FDA Approves Maribavir for Posttransplant CMV
On November 23, the U.S. Food and Drug Administration (FDA) approved the antiviral maribavir (Livtencity) for adult and pediatric patients aged 12 years and older (and weighing at least 35 kg) with posttransplant cytomegalovirus (CMV) infection or disease that is not responsive (with or without genetic mutations that cause resistance) to available antiviral treatment for CMV. Maribavir works by preventing the activity of the human cytomegalovirus enzyme pUL97, thus blocking virus replication.
“Transplant recipients are at a much greater risk for complications and death when faced with a cytomegalovirus infection,” said John Farley, MD, MPH, Director of the Office of Infectious Diseases in the FDA’s Center for Drug Evaluation and Research. “Cytomegalovirus infections that are resistant or do not respond to available drugs are of even greater concern. [This] approval helps meet a significant unmet medical need by providing a treatment option for this patient population.”
CMV is a type of herpes virus that commonly causes infection in patients after a stem cell or organ transplant. CMV infection can lead to CMV disease and have a major negative impact on transplant recipients, including loss of the transplanted organ and death.
Maribavir’s safety and efficacy were evaluated in a phase III, multicenter, open-label, active-controlled trial (ClinicalTrials.gov identifier: NCT02931539) that compared maribavir with investigator’s choice of treatment, which could include one or two of the following antivirals used to treat CMV: ganciclovir, valganciclovir, foscarnet, or cidofovir. In the study, 352 transplant recipients with CMV infections who did not respond (with or without resistance) to treatment randomly received maribavir or investigator’s choice of treatment for up to 8 weeks.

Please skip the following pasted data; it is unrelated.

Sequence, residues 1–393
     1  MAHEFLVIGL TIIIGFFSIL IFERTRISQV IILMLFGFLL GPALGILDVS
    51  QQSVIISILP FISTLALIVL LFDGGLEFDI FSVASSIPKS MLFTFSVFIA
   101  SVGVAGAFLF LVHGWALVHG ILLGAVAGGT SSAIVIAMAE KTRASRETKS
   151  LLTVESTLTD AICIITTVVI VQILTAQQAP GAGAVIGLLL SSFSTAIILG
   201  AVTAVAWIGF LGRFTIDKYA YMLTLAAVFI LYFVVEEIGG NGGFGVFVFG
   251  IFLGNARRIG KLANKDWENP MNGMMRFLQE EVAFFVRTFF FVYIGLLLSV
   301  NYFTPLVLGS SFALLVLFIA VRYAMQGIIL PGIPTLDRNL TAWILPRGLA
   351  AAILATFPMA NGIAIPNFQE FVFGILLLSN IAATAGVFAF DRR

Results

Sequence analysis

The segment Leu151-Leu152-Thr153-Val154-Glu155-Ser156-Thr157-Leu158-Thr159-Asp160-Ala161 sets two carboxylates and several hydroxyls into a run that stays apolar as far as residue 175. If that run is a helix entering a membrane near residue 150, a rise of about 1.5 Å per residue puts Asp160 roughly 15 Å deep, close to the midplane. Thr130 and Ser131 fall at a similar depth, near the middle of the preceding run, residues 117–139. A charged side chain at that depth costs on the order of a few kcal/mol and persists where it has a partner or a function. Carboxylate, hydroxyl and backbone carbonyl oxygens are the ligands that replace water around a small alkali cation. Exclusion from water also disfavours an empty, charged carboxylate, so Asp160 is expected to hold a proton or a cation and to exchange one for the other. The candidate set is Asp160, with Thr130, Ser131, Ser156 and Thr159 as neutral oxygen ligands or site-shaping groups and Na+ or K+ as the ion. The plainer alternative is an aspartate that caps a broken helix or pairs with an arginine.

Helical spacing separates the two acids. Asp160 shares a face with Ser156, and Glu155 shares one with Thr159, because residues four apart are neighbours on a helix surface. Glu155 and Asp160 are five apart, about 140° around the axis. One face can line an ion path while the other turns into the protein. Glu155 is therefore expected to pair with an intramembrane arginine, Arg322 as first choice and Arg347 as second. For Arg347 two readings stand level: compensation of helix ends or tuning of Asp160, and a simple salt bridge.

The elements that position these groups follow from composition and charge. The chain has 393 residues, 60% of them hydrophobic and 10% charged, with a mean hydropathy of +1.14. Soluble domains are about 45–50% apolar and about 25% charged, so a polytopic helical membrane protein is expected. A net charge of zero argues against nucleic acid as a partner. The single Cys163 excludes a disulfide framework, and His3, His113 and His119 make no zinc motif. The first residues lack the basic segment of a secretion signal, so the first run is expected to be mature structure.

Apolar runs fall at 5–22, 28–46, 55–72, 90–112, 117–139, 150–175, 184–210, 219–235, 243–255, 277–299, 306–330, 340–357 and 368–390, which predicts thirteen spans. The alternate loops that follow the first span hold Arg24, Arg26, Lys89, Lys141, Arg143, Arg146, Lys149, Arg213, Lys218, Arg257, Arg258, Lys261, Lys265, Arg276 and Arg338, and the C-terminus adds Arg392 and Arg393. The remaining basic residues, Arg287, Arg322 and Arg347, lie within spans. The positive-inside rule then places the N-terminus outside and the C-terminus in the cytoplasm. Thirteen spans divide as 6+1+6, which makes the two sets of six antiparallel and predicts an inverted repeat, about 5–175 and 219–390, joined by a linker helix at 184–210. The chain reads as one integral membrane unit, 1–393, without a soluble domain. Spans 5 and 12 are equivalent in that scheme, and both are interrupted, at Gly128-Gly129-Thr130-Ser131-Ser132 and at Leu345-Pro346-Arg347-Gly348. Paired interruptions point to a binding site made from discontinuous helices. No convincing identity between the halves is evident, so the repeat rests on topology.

The study compared the two groups’ plasma CMV DNA concentration levels at the end of the study’s eighth week, with efficacy defined as having a level below what is measurable. Of the 235 patients who received maribavir, 56% had levels of CMV DNA below what was measurable vs 24% of the 117 patients who received an investigator-assigned treatment.
The most common side effects of treatment with maribavir included taste disturbance, nausea, diarrhea, vomiting, and fatigue. Maribavir may reduce the antiviral activity of ganciclovir and valganciclovir, so coadministration with these drugs is not recommended. Virologic failure due to resistance can occur during and after treatment with maribavir; therefore, CMV DNA levels should be monitored and maribavir resistance should be checked if the patient is not responding to treatment or relapses.
Maribavir received Breakthrough Therapy and Priority Review designations for this indication.